New parents are tired, always. As a breastfeeding mother, you may be finding the exhaustion even more of a struggle. After all, you’re likely to be the one awake with a hungry baby at 3am. Your baby probably goes through periods of frequent night wakings, and during these phases, you’re likely to feel like a zombie. It’s no wonder that so many parents are attracted to the idea of night weaning. When you start feeling bone-achingly sleep-deprived, you’ll probably be willing to do absolutely anything to get just a few more hours of sleep each night. Here are five tips to help you get to grips with night weaning:
- Set realistic expectations
I know, you wanted a baby who would sleep through from day 1 and that is certainly not what you got. It’s important to remember, however, that young babies aren’t really designed to sleep through the night. In fact, there are plenty of benefits to night feeds, though it may not seem that way at 2am. As your baby grows older, however, he may be ready to sleep for longer stretches during the night. Don’t forget, though, night weaning doesn’t necessarily guarantee that your child will wake less frequently, it just means you won’t be able to boob her back to sleep if she does wake.
- Be gentle
Night weaning doesn’t need to be a difficult transition for your baby, there are ways to stop night feeds without your child becoming upset. To achieve this, you’ll need to take your time and tread gently. Follow your child’s cues and look out for signs that things are moving too quickly for her.
- Provide other sleep cues
To prepare your child for night weaning, you’ll need to create other cues to help your child fall asleep each night. This could be a piece of music played softly in the background or the presence of a particular toy or comforter. You’ll need to introduce it at bedtime for a month or so before you plan to start night weaning. This will help your child associate the new cue with sleep, so that when you stop breastfeeding, your child will still have a sleep aid at her disposal. After four weeks, you can try guiding your child back to sleep with the sleep aid instead of the breast.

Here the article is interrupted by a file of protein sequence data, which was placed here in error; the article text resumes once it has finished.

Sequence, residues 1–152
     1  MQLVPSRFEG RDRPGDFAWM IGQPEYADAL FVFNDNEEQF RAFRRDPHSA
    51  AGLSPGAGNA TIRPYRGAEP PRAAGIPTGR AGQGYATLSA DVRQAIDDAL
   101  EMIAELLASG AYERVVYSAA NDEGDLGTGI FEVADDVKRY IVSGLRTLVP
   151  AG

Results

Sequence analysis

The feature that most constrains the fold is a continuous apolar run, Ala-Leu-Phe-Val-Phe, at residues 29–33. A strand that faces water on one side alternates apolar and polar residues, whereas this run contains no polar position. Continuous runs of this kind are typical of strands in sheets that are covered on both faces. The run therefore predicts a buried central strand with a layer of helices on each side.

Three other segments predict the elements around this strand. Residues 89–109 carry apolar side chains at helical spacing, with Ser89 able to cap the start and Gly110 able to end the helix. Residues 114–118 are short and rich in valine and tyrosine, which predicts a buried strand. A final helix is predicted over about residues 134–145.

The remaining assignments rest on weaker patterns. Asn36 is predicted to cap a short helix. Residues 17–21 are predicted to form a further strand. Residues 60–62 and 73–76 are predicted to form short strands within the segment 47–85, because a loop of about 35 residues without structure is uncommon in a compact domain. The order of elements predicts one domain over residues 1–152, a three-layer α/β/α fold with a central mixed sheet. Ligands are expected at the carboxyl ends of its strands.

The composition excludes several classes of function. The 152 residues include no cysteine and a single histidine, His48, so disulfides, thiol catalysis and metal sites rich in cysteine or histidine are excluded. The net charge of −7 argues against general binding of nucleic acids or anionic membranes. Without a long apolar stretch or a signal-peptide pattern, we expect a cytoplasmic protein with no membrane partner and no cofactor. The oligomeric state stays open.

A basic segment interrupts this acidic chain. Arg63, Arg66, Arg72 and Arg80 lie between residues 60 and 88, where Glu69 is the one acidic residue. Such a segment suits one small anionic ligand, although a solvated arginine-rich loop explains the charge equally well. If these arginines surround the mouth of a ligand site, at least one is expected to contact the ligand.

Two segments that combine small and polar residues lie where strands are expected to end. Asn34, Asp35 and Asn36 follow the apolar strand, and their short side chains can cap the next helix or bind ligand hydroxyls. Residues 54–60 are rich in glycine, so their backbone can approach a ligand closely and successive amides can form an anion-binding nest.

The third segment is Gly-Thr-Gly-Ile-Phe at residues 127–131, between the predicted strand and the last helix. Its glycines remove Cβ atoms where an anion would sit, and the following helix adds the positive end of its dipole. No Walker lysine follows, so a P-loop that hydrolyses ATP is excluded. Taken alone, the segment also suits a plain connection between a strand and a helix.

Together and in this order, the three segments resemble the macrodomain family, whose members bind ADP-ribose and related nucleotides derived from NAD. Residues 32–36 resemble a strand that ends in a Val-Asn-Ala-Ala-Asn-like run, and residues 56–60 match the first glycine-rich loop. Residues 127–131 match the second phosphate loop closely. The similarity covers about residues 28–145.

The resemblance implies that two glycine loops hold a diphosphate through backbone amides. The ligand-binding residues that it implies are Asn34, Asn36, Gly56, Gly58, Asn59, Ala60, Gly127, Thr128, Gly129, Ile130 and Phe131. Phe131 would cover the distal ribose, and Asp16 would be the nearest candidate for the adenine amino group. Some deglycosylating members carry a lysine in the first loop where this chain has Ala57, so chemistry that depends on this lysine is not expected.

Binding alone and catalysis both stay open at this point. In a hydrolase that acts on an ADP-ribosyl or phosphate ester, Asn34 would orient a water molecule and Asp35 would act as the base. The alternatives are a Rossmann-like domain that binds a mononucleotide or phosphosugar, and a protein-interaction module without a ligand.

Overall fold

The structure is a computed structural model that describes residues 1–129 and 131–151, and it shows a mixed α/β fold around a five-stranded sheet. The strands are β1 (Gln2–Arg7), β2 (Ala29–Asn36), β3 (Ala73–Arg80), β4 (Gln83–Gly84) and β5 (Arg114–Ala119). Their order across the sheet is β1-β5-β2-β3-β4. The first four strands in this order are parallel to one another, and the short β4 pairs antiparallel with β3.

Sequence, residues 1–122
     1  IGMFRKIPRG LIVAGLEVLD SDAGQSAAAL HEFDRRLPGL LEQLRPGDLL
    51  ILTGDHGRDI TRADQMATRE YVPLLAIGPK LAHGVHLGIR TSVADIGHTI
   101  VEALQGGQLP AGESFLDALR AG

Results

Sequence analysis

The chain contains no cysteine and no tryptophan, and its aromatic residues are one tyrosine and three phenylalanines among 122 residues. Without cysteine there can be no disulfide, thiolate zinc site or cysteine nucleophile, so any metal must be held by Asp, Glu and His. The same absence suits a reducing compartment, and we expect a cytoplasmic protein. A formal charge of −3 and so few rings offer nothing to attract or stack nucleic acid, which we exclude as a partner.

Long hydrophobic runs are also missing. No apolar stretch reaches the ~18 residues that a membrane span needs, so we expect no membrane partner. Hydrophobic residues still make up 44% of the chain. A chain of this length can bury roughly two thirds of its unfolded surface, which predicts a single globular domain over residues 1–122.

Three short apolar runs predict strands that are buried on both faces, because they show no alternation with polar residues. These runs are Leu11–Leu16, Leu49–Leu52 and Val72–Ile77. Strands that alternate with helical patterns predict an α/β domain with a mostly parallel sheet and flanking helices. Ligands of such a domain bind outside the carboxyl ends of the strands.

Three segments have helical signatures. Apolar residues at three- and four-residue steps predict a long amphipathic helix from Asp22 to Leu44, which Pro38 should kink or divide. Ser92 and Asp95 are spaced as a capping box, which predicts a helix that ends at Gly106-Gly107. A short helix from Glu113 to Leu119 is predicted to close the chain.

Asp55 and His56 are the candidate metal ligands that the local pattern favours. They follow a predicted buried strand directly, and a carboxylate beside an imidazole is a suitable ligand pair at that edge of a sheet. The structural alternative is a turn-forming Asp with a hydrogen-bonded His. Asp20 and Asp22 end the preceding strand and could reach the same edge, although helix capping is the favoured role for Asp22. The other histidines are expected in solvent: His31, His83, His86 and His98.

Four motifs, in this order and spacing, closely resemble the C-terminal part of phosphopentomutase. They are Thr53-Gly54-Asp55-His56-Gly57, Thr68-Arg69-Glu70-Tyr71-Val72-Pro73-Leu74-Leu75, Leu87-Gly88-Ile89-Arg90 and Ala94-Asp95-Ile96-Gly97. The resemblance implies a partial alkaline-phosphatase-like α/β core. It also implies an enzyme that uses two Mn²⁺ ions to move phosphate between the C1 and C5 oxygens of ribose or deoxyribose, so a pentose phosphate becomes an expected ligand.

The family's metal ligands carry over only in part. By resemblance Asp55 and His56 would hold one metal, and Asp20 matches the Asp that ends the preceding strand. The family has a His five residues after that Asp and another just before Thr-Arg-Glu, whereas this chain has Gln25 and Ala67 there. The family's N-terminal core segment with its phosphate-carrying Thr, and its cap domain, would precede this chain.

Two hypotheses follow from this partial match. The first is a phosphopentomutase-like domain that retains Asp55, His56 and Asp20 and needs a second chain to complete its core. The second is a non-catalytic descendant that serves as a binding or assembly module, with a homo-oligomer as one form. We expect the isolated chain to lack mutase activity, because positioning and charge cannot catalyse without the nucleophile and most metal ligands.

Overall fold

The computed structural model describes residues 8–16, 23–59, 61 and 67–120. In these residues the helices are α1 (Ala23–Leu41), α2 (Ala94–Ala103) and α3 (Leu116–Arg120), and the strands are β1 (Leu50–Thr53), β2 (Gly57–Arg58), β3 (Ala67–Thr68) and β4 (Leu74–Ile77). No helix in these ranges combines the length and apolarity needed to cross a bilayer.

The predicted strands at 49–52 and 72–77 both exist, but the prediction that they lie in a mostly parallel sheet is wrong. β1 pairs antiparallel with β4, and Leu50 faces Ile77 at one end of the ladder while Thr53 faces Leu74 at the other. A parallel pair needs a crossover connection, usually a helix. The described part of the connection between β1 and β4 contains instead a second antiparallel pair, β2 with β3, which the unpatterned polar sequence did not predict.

- Keep feeding in the day
Keep breastfeeding on demand during the day, this will help to ensure your child continues to get enough breast milk. You may find that your baby wants to feed more often during the day when you begin night weaning, this is normal and should settle down as your child adjusts to the change.
- Expect setbacks
This is one thing parents always have to be prepared for. No matter what stage your child is at, there will always be moments of regression. Regression is a normal part of child development. If your child is feeling unwell or about to take a huge developmental leap, you may find that the night wakings increase. Unfortunately, this is something you can’t avoid. These regressions won’t last forever, though. In just a couple of days or weeks, your child will be back to her usual self and you’ll be able to get some sleep again.
Are you thinking of night weaning your baby?
Written by Fiona (@Fiona_Peacock), mother, writer and lover of all things baby related.
This information is not intended to replace the advice of a trained medical doctor. Health & Parenting Ltd disclaims any liability for the decisions you make based on this information, which is provided to you on a general information basis only and not as a substitute for personalized medical advice. All contents copyright © Health & Parenting Ltd 2016. All rights reserved.